Now indeed. For better or worse I will never look at the meat on my plate in the same way. I will always wonder if it's free range, organic, or if that even makes a difference. Those are the few words that make us feel justified in our meal. Of course there is a “difference,” but thank you book for shattering my high hopes for these certification systems. The Last Poultry Farmer (as described in the book) explains what happens outside his utopian farm: “KFC chickens are almost always killed in thirty-nine days. They're babies. That's how rapidly they're grown. Salatin's organic free-range chicken is killed in forty-two days. Cause it's the same chicken. It can't be allowed to live any longer because it's genetics are so screwed up. Stop and think about that: a bird that you simply can't let live out of it's adolescence” (113). What deception that our organic bird is actually genetically modified. How disheartening. I am almost tempted to give up on meat altogether by this mirage of options. But, alas, I like meat. And Nicolette Niman (formerly of Niman Ranch farms), rancher and vegetarian, believes that eating meat isn't wrong, in fact it's natural. She, as some of the other portraits in this book did, reminded me that outside of animal agriculture, in the wild, animals don't die from natural causes. They are eaten or they starve to death; they suffer (though up to that point they have free reign over their lives). Then, she wrote something that I will remember forever: “When animal husbandry is done as it should be, humans can provide animals a better life than they could hope for in the wild and almost certainly a better death. That's quite significant” (207). I feel myself most aligned with Nicolette in this book, even though I am not a vegetarian. Raising animals for consumption allows us to give them a better life, but only if done properly, as Niman Ranch once did (and perhaps still – as 1% of farms in the US do). Ironic.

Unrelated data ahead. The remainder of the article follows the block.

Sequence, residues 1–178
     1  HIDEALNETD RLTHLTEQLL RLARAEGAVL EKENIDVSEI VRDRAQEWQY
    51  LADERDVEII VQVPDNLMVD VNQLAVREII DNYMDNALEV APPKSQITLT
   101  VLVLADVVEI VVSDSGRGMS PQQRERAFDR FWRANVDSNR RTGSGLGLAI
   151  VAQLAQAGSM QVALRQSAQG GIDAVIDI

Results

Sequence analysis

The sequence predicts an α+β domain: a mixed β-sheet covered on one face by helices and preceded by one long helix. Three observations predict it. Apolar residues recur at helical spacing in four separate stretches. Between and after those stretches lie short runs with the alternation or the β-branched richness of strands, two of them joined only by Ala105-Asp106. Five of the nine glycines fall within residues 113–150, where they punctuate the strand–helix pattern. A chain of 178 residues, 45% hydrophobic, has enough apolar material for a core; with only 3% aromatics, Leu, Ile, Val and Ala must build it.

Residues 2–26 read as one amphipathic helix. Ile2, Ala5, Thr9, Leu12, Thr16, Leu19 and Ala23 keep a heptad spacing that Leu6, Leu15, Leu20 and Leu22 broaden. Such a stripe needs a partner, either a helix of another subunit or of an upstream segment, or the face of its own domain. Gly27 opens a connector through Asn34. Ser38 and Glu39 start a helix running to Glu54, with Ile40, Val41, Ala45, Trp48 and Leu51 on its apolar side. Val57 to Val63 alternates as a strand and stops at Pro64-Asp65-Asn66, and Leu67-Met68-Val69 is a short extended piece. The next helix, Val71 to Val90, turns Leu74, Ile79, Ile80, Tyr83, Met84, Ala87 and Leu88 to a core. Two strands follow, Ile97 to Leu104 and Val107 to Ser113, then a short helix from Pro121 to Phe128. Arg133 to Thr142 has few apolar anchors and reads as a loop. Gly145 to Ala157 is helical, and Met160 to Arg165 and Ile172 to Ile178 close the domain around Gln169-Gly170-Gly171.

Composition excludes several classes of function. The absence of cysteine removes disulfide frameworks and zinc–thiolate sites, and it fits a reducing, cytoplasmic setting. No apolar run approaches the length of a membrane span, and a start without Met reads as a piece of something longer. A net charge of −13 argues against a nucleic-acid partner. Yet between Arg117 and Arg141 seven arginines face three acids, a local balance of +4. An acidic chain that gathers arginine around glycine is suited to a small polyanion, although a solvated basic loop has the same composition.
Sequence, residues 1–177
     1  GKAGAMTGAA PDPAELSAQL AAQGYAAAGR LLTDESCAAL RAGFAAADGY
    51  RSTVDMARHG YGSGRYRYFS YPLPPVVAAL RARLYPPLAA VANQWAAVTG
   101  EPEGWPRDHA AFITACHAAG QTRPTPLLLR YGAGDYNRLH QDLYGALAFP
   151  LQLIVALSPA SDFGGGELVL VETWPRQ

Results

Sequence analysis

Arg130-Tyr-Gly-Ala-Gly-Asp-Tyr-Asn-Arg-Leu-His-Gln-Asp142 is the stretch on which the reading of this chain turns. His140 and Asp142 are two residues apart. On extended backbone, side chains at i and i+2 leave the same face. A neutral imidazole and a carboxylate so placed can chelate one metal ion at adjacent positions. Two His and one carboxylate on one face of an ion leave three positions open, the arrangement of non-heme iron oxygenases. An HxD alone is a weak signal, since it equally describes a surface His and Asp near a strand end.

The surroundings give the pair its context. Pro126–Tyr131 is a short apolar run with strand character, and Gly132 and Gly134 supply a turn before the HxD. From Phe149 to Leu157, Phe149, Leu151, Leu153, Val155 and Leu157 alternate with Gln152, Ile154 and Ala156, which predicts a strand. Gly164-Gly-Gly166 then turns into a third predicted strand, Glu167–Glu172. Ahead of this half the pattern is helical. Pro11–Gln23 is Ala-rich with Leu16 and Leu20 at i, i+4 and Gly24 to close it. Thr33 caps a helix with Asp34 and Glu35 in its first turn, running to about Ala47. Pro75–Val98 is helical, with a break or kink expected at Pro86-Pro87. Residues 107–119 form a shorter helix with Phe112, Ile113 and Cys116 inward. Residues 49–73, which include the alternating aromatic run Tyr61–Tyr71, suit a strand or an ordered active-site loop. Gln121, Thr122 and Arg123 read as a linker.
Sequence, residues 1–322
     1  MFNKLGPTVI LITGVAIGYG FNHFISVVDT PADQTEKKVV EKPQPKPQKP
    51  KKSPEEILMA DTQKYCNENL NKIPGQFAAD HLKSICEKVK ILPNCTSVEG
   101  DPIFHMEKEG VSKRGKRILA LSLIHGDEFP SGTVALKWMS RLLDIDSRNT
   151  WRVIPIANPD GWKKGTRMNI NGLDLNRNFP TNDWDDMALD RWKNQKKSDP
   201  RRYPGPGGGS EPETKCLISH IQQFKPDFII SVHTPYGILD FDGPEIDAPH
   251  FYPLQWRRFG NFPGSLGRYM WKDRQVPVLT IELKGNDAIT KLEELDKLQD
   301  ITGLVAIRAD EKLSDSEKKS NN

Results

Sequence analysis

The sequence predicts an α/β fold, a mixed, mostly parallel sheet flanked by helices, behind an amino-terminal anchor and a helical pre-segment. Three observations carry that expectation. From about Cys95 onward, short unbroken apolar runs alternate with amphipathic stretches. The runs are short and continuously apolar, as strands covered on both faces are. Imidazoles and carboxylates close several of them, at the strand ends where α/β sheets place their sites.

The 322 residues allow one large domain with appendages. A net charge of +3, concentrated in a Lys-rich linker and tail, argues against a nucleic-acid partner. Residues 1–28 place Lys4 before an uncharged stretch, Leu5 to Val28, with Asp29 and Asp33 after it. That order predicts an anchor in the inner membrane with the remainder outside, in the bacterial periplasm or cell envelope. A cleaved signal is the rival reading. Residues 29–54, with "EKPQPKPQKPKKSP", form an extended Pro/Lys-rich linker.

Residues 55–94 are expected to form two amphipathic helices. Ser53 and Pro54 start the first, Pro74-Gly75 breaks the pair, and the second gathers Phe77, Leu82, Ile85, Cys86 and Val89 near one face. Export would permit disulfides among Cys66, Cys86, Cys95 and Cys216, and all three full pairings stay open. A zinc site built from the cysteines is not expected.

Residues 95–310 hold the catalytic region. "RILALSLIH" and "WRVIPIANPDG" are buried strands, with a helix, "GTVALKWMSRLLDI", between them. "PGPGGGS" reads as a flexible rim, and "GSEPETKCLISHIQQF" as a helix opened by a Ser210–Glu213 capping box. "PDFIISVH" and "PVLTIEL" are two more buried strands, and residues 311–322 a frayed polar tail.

Reading this book I expected the topic to be complicated. It was. It's affected the way I look at meat and my eating behavior. I am an increasingly selective omnivore who sometimes betrays her better sense for a carne asada taco with who knows what meat. I guess I am guilty. But – I am choosing to eat less meat than usual, often opting for a vegetarian option, and I will pay that premium to support the best of animal agriculture. Anyone who is passionate about food can't help but be affected by this book. It's definitely a good read, life changing for some chickens and pigs – and perhaps yourself too. 

Tuesday, February 1, 2011

Heirloom tomato salsa

Salsa is one of those things that's so quick and easy to make and after you reap maximum tasty rewards.  Five minutes and you've got a quality healthy snack.  Normally I don't use tomatoes out of season.  In my opinion there's nothing worse than a tomato that doesn't taste like anything.  Tomatoes have such a great flavor you don't want them to be hard and under-ripe.  For this salsa I bought an heirloom tomato from Mexico since they are out of season and heirloom tomatoes usually have that great tomato-y flavor.  I made my salsa in the mortar and pestle because I love finding uses for it, but you could also make it in a bowl mashing with a fork, or in the blender, depending on how chunky you want it.

Salsa: tomato, onion, jalapeño, cilantro, lime, salt, pepper

Cut the tomato into cubes.
Small dice the onion and then chop it into fine bits.
Same with the jalapeño - keep the seeds in to make it more spicy - add as much or little as you like.
Add all the pieces to a bowl and mash around.
Chop and stir in cilantro.
Squeeze lime juice in.
Add salt and pepper to taste.